Larry Parr

Larry Parr has carved out a novel career after showing great promise as a little squirt at Raetihi Primary School and then St Stephen’s.

But now comes the big challenge as he takes over the reins at Te Māngai Pāho — as he explains to Dale Husband.


Kia ora, Larry. Thanks very much for joining us here on e-tangata. First I’d like you to tell us a bit about your whānau and where you grew up.

We’re from Ngāti Raukawa Te Au ki Te Tonga, but I was born in 1952 in Raetihi in the central North Island. Two brothers, Les and Bruce, and my late sister, Chanel. My dad is Ray Parr and he’d moved there when he was very young. He worked as a labourer, farm manager, bushman and truck driver. A range of jobs. Sometimes as a barman or club manager. There were three chartered clubs in the town back then.

Dad played a lot of rugby. Rugby was, and still is, pretty much his life. He played for Raetihi. Started in the seniors when he was only 16. In those days there were four clubs in the Ruapehu sub-union. Now there’s only one. He was a King Country representative for 12 years. In fact, he played his first King Country game the same day Colin Meads first played for King Country. He was an outside back or fullback, then a loose forward — and he ended up propping. He was a Māori All Black in 1955. And he also captained King Country Māori.

And your mum?

She was Iris Dauphin. Part French. Her grandfather came out from France and set up the first bakery in Raetihi around 1900. Her father, Henry Dauphin, died when I was a baby and Mum’s mother married again. So the grandfather I knew was George West who was a wonderful man and a huge influence on our lives. He was a fantastic grandfather.

I did reasonably well at school, so Dad decided I should go to St Stephen’s. One of the reasons he sent me there was to learn to speak Māori. I think that he didn’t want me to suffer as he had. He was embarrassed as captain of King Country Māori going to Ruatōria or Whangārei or to the Waikato, when, at the after-match function, he couldn’t stand up and speak in Māori. He didn’t want me to have that same fate.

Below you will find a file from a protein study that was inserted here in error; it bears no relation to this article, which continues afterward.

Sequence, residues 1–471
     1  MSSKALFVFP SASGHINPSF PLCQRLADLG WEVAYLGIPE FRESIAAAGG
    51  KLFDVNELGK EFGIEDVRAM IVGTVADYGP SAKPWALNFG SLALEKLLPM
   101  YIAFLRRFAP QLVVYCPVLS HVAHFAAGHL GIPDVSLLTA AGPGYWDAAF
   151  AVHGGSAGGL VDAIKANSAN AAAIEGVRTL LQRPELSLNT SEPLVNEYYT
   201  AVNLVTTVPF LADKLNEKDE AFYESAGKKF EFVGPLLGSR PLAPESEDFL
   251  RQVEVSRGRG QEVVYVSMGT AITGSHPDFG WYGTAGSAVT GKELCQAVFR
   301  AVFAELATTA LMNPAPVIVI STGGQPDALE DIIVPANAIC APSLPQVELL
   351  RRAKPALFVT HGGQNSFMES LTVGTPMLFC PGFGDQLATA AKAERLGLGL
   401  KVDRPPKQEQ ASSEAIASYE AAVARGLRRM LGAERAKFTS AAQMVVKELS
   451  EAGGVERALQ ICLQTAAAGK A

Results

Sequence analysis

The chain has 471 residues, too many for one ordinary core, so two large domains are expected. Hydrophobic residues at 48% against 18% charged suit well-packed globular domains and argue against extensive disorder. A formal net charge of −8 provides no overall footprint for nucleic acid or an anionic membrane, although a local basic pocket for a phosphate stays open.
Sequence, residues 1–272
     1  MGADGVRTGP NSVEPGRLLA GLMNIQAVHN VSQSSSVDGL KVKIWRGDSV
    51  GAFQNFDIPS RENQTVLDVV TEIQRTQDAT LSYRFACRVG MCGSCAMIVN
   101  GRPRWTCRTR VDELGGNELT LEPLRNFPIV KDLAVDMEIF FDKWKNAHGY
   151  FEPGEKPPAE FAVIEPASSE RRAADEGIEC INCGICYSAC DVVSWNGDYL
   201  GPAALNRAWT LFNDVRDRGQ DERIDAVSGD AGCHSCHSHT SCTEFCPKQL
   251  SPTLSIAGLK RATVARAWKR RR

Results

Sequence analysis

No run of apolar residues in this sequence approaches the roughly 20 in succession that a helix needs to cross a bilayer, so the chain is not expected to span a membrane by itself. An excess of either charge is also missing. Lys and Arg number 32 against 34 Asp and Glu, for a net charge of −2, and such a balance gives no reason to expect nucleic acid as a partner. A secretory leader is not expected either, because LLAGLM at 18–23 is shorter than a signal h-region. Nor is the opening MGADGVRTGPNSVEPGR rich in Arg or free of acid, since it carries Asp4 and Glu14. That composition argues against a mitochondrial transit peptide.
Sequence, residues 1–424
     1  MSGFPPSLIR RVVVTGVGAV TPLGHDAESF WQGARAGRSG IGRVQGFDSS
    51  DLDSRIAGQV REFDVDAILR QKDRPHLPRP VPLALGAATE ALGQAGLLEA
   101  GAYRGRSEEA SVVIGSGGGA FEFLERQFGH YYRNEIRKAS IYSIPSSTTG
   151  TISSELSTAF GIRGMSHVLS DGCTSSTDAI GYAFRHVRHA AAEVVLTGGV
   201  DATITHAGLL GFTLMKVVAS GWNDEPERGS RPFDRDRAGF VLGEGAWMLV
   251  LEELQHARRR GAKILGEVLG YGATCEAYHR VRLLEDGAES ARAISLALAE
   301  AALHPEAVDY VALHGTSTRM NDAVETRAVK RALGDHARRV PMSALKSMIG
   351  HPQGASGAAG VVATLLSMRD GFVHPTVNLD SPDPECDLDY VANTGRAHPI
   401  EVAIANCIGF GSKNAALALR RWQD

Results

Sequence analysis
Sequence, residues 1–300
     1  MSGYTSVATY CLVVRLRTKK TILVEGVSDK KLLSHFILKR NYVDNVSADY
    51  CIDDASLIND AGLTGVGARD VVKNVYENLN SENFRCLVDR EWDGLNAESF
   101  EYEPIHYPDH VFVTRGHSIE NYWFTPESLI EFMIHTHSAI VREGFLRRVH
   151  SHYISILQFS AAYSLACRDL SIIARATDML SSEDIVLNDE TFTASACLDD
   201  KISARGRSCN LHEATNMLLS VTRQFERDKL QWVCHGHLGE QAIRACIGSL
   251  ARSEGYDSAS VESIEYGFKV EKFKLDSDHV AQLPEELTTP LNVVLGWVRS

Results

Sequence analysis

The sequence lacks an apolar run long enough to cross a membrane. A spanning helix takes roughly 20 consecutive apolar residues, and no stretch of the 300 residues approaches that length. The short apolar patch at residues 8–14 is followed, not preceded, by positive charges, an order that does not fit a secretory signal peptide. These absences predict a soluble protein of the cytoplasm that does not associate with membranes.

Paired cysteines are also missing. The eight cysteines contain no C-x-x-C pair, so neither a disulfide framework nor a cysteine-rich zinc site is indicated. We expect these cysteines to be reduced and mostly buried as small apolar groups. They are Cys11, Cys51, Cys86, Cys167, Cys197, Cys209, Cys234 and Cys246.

What he didn’t quite recognise is that you have to be a good enough player to get picked for the team before you can actually be the captain. I did play a bit of rugby. At St Stephen’s. And, later on, I played a number of years of senior club rugby for Northcote. As a first- or second-five or wing. That was before North Harbour split away from Auckland. I got a couple of games for Auckland Māori but rugby wasn’t quite my life as it was for Dad. And anyway, I wasn’t anywhere near as good as he was.

You must’ve been a pretty sharp footballer, though, to make the Auckland Māori team. Congrats on that. But let’s talk about Tipene for a while because you arrived there, so I’m told, as a bright-eyed, bushy-tailed youngster in 1965. In the same class as Wassie Shortland. How did little Larry Parr fit in there?

I loved it. It was a great experience. But you need to understand that Tipene at that time was a different school from what it was when it closed in 2000. And there was only one occasion when I didn’t want to be there. That was in 1967. It was my School C year and I had a tough time. In March, my sister Chanel, who was the youngest of us siblings, was killed in an accident. So I went home. And I missed a bit of school.

Then, towards the end of the August school holidays, Dad had a really bad accident in the bush. A tree fell on him and he was in a critical condition for quite some time. So I missed some more school.

To get back to Tipene, I used to catch the train in the middle of the night in Ohakune. I’d get off in Pukekohe around 6 o’clock in the morning. Then I’d get a taxi out to Bombay, to Tipene. This time, when I got there, the school was still asleep because it was August. Middle of winter. So I decided to go to my classroom. But I had trouble finding my desk — and, when I did find it, it was padlocked. Somebody else had taken it. Then I noticed these books lying all around. My books. And I thought: “Oh, really? I don’t want to be here.”

I went out and sat on the front steps and I was having a little bit of a tangi there when Mr Lewis, the principal, came walking up the drive. He came over and stood in front of me. And he looked down and said: “You’ve had a tough year, boy. Come on. Let’s go find a cup of tea.” And it was all better.

That was the only moment I remember not actually wanting to be at the school. I didn’t make the 1st XV, although, in my report for my final year, the headmaster did talk about my rugby ability and said I would’ve been in the 1st XV if I wasn’t so small. But I did well academically. I was dux and went on to Auckland University to study law.